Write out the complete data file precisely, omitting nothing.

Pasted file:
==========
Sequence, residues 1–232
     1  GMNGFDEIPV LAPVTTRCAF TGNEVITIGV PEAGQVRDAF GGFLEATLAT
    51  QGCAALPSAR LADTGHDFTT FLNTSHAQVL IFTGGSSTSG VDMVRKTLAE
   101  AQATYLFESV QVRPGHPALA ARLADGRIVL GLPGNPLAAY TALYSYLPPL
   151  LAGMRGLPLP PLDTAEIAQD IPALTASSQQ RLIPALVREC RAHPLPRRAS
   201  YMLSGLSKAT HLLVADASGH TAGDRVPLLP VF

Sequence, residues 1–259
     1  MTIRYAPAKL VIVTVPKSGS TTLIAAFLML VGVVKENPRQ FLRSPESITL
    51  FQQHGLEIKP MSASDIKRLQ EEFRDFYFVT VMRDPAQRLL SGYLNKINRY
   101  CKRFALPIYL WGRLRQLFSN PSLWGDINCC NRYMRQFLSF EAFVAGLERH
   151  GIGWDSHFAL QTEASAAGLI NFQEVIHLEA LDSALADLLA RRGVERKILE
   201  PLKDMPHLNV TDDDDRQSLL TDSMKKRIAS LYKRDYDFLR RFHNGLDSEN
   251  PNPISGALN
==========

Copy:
Sequence, residues 1–232
     1  GMNGFDEIPV LAPVTTRCAF TGNEVITIGV PEAGQVRDAF GGFLEATLAT
    51  QGCAALPSAR LADTGHDFTT FLNTSHAQVL IFTGGSSTSG VDMVRKTLAE
   101  AQATYLFESV QVRPGHPALA ARLADGRIVL GLPGNPLAAY TALYSYLPPL
   151  LAGMRGLPLP PLDTAEIAQD IPALTASSQQ RLIPALVREC RAHPLPRRAS
   201  YMLSGLSKAT HLLVADASGH TAGDRVPLLP VF

Sequence, residues 1–259
     1  MTIRYAPAKL VIVTVPKSGS TTLIAAFLML VGVVKENPRQ FLRSPESITL
    51  FQQHGLEIKP MSASDIKRLQ EEFRDFYFVT VMRDPAQRLL SGYLNKINRY
   101  CKRFALPIYL WGRLRQLFSN PSLWGDINCC NRYMRQFLSF EAFVAGLERH
   151  GIGWDSHFAL QTEASAAGLI NFQEVIHLEA LDSALADLLA RRGVERKILE
   201  PLKDMPHLNV TDDDDRQSLL TDSMKKRIAS LYKRDYDFLR RFHNGLDSEN
   251  PNPISGALN